The Diamondbacks should really stop pitching to Andrew McCutchen.
If you were to look up the definition of the phrase “owning a ballclub” in a dictionary, there would be a picture of McCutchen standing on the D-backs logo laughing. No one in the majors with at least 15 at-bats against Arizona has a higher batting average against the team than the Pirates centerfielder (.482) does.
But this shouldn’t come as a surprise to anyone in the Valley, as over the last two seasons McCutchen is hitting .404 with five RBI and 14 runs scored against the Snakes. This season, he is tied for second in the Majors with seven runs scored against Arizona.
Despite the will of McCutchen, the D-backs were able to salvage a split in the series and end the 10-game road trip with a respectable 6-4 record after winning the series finale on Thursday against the Pirates.
And despite the split, the Diamondbacks’ somewhat disturbing reliance on the long ball continued in this series against the Pirates.
Arizona is 49-26 this season when they hit at least one home run, and 24-7 when they hit at least two. However, when they fail to hit a long ball they are a mere 8-29.
Keep in mind that the D-backs’ reliance on the long ball could come back to bite them. All of their road games in September, except a four-game set at Coors Field, will be played in parks that are among the worst in home run output.
I’ve also mentioned before how important it is for the D-backs to score a lot of runs in order for them to win games. After this series the team is 46-10 when scoring at least five runs in a ball game. On the contrary, they are a lowly 3-41 when they score less than four runs in a game, which is the least amount of wins with that split in all of baseball.
Right now the Diamondbacks are living by the home run. Unfortunately that means they will have to die with it too.
Series Report Card
Arizona earned a split against a very good Pittsburgh team, and moved themselves to 22-14 in series finales this season. The team went 6-4 on their 10-game road trip and return home two games over .500.
The Diamondbacks’ bats stalled at the start of this series in Pittsburgh, as they managed only two hits in Monday’s game. On Tuesday the offense bounced back in a major way, scoring 10 runs, including seven in the final two innings of the game. Chris Johnson had five RBI in that game, all part of the amazing start he has had in an Arizona uniform.
The offense continued its effectiveness on Wednesday, scoring six runs in the loss while capitalizing off of the Pirates four errors in the game and followed suit on Thursday, tallying six again in the win. Overall, the team’s bats continued their hot second half, as the Snakes are in the top five in baseball in runs scored after the all-star break.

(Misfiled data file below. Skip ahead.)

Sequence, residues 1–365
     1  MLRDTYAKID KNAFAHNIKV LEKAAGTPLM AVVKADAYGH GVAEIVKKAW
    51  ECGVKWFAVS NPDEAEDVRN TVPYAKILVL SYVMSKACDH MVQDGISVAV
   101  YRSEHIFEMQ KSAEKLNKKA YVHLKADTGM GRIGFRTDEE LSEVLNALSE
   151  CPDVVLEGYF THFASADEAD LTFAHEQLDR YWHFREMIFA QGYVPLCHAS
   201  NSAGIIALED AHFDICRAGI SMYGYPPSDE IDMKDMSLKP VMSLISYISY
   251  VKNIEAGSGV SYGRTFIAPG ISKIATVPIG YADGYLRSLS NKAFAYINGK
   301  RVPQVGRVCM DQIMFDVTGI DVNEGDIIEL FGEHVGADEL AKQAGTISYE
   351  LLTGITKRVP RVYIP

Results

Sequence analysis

Sloppy. That’s the word that best describes Arizona’s defense in this series. Committing five errors in one series is absolutely unacceptable for a major league baseball team. The problem compounded itself when the Pirates were able to take advantage of the errors. Take Thursday’s game for example. The D-backs should have been out of the second inning on Wandy Rodriguez’s ground ball. Instead, Joe Saunders missed the bag and Starling Marte made him pay in the next at-bat by driving in the Pirates third run of the frame.
The Diamondbacks starters, or at least three of the four of them, pitched well in this series. Wade Miley, Patrick Corbin and Joe Saunders each had starts of at least six innings allowing three or fewer runs. Unfortunately for the D-backs, only two of those three games saw the team come out victorious. The fourth start for the team was that of Ian Kennedy. After earning the win in four straight outings, Kennedy had an off game; he allowed five earned runs in four innings on Wednesday. That four-inning performance was IPK’s shortest of the season, and was the first major blemish since his poor performance against the Cubs on July 13th. David Hernandez and J.J. Putz each had a very nice series holding down the back end of the Arizona bullpen.
Players emotions will get out of control at times, however it is imperative that the manager be able to stop the bleeding before more than one person gets ejected. I don’t blame Kirk Gibson for allowing Justin Upton to get ejected with Chris Young on Wednesday, but I sure would’ve liked to see him do more to try and stop it.
Play of the Series:
The two-home run game from Jason Kubel on Thursday that propelled the team to victory gets this award. Kubel was, in retrospect, the most underrated offseason move in the big leagues last offseason.
Player of the Series:
I could very well have given this to Chris Johnson, but J.J. Putz has been so good lately that I feel he deserves it. He converted his 12th save opportunity in a row on Thursday and pitched lights out on Tuesday as well.
The “Dikembe Mutombo Finger Wag” Award:
He managed to hold his emotions through getting hit so many times last year, but Justin Upton can’t control them when Chris Young is involved? I know the two are friends, but just because CY gets tossed, doesn’t mean you just jump in and cost your team a chance to win the game. You’re better than that, J-Up.
The Road Ahead:
The Diamondbacks return home (finally) to take on the NL East-leading Washington Nationals in a three-game set. Stephen Strasburg gets the start on Friday against Trevor Cahill.